SAN FRANCISCO, April 16, 2021 /PRNewswire-PRWeb/ -- San Francisco modern architecture firm Hart Wright Architects announces they completed a full gut remodel of a 1909 Victorian in San Francisco's recently designated Duboce Park Historic District. The house was extremely run down and in need of not only a new foundation but willing partners to bring it back to life in the 21st century. Its new owners, our clients, were just the right family to take on the role of property stewards.
As a team we worked quickly to identify where major changes were needed to unleash the hidden potential of this classic San Francisco Victorian residence. As always our goal in any project is to connect a warm inviting modern interior space to the local California climate. In this case the rear of the house faces due South and the owners desired lots of easily accessible outdoor space. We set about to provide South-facing exterior decks and balconies on all levels. The resulting layout required only minor changes to the building envelope that included a 75sf one story addition to make the kitchen/dining area flow better to the back yard and a simple dormer setback from the front of the house to capture 600sf of unwarranted attic space without affecting the historic nature of the front facade. We now had 4 levels of occupied space, all with access to the outdoors.
The key to this was prioritizing the stairwell located at the center of the house. The old stair was like the rest of the house ready for a face lift. We refurbished the existing main stair with a new custom metal decorative railing then then stacked a new 3 flight stair to reach the new attic space. With the addition of operable skylights we now have a dramatic 3 story space with sunlight raking down through the house to the newly re-worked entry.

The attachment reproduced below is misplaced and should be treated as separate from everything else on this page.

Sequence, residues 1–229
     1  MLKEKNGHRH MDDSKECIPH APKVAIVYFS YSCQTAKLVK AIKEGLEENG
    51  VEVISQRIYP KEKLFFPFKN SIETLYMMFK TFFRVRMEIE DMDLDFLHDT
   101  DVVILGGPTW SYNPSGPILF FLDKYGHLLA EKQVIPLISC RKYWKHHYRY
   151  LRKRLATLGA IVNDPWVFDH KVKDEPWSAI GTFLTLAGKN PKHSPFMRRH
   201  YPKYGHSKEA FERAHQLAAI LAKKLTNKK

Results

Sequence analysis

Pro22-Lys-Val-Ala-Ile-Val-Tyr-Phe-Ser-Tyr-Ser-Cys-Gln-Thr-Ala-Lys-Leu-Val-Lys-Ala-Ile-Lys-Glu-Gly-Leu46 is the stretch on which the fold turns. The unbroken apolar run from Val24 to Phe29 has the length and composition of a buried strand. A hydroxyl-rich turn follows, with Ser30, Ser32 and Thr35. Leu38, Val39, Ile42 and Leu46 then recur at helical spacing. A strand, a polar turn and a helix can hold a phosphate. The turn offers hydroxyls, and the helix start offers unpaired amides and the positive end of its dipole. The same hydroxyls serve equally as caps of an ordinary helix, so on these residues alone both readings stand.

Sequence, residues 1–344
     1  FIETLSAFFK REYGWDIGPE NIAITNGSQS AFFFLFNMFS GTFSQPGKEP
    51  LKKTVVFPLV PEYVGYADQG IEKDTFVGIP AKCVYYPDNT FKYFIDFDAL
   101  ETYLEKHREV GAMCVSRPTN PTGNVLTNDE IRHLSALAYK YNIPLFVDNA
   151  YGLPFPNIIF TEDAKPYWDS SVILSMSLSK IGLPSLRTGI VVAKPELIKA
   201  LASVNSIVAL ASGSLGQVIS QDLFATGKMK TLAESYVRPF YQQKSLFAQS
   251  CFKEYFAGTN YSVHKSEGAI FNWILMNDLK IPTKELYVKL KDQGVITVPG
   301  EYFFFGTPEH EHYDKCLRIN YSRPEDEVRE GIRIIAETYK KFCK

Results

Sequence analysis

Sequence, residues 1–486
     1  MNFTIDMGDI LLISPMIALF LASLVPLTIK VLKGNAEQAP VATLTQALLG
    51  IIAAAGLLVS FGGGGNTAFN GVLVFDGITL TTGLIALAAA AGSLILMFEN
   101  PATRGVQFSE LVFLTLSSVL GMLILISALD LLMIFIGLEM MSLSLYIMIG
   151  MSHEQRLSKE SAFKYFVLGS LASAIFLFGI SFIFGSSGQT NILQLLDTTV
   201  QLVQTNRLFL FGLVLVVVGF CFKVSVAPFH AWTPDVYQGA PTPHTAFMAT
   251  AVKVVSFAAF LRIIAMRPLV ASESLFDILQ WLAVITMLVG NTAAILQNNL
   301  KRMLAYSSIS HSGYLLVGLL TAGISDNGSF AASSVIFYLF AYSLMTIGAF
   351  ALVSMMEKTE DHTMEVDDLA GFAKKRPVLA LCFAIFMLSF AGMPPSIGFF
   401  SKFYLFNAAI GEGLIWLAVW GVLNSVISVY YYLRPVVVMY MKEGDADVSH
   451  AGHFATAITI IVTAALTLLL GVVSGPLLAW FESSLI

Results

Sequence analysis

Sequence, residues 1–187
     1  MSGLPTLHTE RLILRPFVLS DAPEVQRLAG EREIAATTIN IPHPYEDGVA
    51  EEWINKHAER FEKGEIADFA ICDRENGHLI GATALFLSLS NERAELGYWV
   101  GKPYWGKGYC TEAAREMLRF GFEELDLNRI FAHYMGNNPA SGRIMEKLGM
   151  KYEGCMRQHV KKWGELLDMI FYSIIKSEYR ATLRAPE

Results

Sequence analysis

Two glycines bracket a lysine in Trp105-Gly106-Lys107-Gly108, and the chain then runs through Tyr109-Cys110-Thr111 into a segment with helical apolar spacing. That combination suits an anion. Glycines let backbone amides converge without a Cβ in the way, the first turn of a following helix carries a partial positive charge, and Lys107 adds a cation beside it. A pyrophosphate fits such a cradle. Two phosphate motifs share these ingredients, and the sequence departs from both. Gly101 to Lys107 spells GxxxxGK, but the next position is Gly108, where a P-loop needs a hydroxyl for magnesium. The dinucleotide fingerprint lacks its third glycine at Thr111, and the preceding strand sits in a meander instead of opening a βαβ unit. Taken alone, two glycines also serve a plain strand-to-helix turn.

The new attic level includes a family/media room an office and a full bathroom under a vaulted roof with large skylights to balance the light and naturally ventilate the building.
Although the new interior space is fully modern we kept much of the notions of the original house like the painted decorative casings and a nod to decorative wallpaper, though both came with a distinctive geometric twist. The play with geometric patterning continued on in the choices made with Fireclay tile in the bathrooms and hexagonal stone in the kitchen.
At street level the house's Victorian character had been brutally overlaid with mid-20th century cedar shake shingles, we worked with SF planning to restore this facade in meticulous detail. Remaining original "found" elements were discovered and retained to be exposed and cleaned up. Missing components were re-made to match the neighborhood fabric.
It was a long and complicated process but we think the results speak for themselves.
The attic had a non code compliant stair and the space up there was not legalized. The clients decided to convert this upstairs which required designing a proper stair up to it. This also required building a dormer to get the required headroom since the attic was the bottom of an equilateral triangle/45 degree angled roof. We saved space by locating the new stair over the lower stair. With the stairs efficiently stacked, we created a dramatic 3 story space. We designed a decorative steel railing and hung a sculptural light fixture from a skylight that sheds light all the way down from our new dormer to the first floor. The attic got a new full bathroom with steam shower, an office and a media hang out room with a south facing outdoor balcony.
Eliza Hart, Hart Wright Architects, 415 503 7071, [email protected]
SOURCE Hart Wright Architects